Thursday, April 30, 2009

My New Website -- One among Billions

As many of my blog fans have reminded me, it’s been awhile since I posted a Post. Procrastination and a few softball games and motorcycle rides notwithstanding, over the past few months I have been very busy (e.g., the typical and customary University tasks, the post-publication shepparding of four books published early in 2009, and the writing of the first draft of the 15 chapters of a new, under contract textbook with my co-author, Dr. Bill Lambos). I know many of us in today’s society have redefined the term “multi-tasking,” yet at times my recent multi-tasking felt like it was on steroids. Nonetheless, with the tremendous professional assistance of a good friend and colleague, Ms. Barbara Lofrisco, I now have a new website – new yet still at the same URL: Barb did an excellent job (and as part of our two-person team, I did my job: I asked the many pesky questions such as “How about if…?” “Why? and “Why not?” Hey, somebody had to do it…!)

In doing some recent research for my and Dr. Lambos’ textbook – regarding the impact of electronic technology and the Internet on loving relationships and couples and marriage counseling – I found some interesting data regarding “websites.” First, however, let’s define and discuss the term. For example, according to wikipedia, a website (or “web site”) is a collection of related web pages, images, videos or other digital assets that are hosted on one web server, usually accessible via the Internet. A web page is a document, typically written in (X)HTML, that is almost always accessible via HTTP, a protocol that transfers information from the web server to display in the user’s web browser. And, all publicly accessible websites are seen collectively as constituting the “World Wide Web.”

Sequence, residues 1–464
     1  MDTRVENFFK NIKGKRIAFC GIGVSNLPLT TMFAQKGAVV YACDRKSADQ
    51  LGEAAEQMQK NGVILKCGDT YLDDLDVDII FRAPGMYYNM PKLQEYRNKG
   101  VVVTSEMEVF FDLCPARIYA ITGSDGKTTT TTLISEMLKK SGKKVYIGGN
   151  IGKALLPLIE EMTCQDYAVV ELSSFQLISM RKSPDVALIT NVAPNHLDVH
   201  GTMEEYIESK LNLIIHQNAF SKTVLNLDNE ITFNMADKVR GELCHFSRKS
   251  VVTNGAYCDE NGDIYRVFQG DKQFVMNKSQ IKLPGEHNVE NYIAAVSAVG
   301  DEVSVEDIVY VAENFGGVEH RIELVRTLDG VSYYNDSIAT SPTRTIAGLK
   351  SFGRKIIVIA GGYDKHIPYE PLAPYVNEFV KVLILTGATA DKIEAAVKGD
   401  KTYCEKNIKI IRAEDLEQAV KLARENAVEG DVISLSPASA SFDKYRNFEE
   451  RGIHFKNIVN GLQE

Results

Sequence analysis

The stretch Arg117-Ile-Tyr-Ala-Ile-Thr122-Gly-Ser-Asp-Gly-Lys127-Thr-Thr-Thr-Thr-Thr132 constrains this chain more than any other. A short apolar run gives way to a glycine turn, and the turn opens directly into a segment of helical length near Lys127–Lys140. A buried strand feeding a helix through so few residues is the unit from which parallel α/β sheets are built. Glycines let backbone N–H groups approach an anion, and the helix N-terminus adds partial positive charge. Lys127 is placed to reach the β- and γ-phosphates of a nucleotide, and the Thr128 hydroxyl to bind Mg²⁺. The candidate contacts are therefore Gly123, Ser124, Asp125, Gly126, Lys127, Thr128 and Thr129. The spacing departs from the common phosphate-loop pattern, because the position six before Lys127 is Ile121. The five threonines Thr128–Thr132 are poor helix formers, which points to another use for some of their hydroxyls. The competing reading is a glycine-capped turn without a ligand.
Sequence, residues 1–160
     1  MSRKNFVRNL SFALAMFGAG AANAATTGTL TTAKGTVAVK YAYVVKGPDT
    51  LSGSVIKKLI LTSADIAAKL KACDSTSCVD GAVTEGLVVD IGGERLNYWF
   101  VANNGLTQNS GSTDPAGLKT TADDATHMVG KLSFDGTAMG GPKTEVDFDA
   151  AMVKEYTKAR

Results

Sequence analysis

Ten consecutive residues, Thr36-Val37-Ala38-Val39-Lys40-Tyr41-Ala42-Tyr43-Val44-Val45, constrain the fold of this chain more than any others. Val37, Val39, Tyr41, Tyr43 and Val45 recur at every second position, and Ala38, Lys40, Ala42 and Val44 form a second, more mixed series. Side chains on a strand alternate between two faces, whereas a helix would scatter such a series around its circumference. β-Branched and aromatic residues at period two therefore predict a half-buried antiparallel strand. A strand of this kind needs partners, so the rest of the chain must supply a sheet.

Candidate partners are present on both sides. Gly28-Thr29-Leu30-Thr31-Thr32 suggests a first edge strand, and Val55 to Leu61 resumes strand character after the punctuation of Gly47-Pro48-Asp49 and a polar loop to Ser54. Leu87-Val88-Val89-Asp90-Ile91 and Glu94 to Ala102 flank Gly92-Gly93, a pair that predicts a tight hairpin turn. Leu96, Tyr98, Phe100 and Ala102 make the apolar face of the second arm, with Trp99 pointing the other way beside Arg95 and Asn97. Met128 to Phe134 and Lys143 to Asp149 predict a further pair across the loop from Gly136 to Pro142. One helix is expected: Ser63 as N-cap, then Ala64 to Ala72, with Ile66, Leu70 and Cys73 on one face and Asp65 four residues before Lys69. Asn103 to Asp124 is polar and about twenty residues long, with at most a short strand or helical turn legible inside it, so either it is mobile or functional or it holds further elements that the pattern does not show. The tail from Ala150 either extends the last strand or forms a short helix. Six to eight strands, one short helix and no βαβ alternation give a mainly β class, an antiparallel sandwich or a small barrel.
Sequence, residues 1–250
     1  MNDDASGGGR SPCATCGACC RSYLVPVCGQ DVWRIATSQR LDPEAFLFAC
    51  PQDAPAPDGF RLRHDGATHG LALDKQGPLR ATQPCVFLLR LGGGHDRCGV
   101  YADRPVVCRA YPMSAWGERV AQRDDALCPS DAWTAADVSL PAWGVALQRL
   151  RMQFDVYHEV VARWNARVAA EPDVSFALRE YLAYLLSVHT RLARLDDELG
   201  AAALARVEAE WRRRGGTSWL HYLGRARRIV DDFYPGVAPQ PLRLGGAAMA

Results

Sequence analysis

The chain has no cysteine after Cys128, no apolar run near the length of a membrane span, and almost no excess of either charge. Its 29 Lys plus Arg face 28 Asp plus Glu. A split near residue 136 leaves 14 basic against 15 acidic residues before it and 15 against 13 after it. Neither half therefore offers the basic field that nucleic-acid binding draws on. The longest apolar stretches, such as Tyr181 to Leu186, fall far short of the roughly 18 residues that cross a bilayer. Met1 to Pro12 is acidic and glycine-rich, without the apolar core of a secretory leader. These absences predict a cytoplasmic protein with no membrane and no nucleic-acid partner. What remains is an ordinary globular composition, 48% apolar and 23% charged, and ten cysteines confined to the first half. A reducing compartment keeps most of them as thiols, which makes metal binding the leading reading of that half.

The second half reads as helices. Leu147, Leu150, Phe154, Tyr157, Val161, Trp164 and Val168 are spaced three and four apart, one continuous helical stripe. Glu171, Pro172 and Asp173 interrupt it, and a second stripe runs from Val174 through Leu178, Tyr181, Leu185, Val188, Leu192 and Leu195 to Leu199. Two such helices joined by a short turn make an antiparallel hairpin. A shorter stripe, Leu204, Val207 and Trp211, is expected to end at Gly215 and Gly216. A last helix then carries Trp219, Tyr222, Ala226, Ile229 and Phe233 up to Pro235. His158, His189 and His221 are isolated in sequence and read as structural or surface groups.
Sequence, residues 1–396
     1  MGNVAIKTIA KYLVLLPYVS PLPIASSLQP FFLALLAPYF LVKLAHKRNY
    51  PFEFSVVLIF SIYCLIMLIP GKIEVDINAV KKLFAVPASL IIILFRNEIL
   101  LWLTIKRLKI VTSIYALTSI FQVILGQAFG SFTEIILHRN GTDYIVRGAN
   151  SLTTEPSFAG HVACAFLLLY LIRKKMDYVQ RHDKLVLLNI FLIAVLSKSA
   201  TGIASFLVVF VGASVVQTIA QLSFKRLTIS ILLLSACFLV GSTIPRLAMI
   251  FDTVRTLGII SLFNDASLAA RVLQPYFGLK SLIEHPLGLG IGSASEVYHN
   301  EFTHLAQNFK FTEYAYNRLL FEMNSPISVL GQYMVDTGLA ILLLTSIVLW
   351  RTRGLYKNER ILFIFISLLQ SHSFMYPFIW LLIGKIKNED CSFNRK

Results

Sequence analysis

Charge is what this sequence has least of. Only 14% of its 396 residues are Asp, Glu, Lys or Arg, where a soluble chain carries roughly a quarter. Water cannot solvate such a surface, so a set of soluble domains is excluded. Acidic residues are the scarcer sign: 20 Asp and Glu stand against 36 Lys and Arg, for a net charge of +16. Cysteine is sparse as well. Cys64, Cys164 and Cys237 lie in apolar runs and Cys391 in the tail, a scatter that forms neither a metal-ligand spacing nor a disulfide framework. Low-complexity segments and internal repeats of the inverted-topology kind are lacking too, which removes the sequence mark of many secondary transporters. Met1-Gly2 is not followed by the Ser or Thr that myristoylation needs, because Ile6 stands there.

The pages of a website can usually be accessed from a common root URL called the homepage, and usually reside on the same physical server. The URLs of the pages organize them into a hierarchy, although the hyperlinks between them control how the reader perceives the overall structure and how the traffic flows between the different parts of the site.

Some websites require a subscription to access some or all of their content. Examples of subscription sites include many business sites, parts of many news sites, academic journal sites, gaming sites, message boards, Web-based e-mail, services, social networking websites, and sites providing real-time stock market data. Because they require authentication to view the content they are technically an Intranet site. And by now you may be thinking about how smart Bill is? (No, not true. Remember, I was the one asking Barb the pesky questions.)

According to, in 2005, Google reported they indexed 8,058,044,651 web pages on the Internet. This did not include the millions of pages they did not index. Today, the number of Google-indexed pages is estimated to be closer to 9 billion and thousands of new websites go live every single day (like mine did last night). Royal Pingdom reports that it was 6 years from when the first website appeared in December 1990 before the Internet had 100,000 websites. In 2008, Royal Pingdom estimated there were more than 162 million websites (not web pages). Yikes!

I’ll be back soon with another Post. And in the meantime, to help you find my new website among the 162 million others, here’s a link to it:




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Unknown said...


It's been awhile since you posted last! Just checking in to see how it's going!